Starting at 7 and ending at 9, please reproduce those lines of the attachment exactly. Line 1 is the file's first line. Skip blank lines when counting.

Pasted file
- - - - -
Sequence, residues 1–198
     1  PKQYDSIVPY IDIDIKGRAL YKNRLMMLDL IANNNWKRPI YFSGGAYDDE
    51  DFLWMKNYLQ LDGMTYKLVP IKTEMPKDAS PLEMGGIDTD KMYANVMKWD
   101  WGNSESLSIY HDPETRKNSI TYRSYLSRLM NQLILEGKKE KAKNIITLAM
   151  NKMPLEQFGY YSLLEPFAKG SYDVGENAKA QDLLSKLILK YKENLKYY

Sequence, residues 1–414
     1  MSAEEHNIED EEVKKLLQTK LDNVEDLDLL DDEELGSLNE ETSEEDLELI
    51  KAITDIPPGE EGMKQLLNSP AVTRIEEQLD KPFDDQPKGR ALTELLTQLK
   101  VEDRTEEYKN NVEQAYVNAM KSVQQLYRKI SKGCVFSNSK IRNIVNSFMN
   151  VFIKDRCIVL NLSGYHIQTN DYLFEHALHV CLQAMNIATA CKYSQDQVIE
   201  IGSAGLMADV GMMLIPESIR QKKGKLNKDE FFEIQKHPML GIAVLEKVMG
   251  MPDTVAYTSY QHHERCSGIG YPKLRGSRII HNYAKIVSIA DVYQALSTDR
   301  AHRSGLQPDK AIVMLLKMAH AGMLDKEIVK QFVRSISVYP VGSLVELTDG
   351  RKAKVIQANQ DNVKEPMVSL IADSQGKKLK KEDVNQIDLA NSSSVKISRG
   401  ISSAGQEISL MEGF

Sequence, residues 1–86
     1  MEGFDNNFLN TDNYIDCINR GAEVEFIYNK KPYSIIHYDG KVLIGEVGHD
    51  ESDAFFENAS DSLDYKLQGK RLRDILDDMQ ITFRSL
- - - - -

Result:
     1  MSAEEHNIED EEVKKLLQTK LDNVEDLDLL DDEELGSLNE ETSEEDLELI
    51  KAITDIPPGE EGMKQLLNSP AVTRIEEQLD KPFDDQPKGR ALTELLTQLK
   101  VEDRTEEYKN NVEQAYVNAM KSVQQLYRKI SKGCVFSNSK IRNIVNSFMN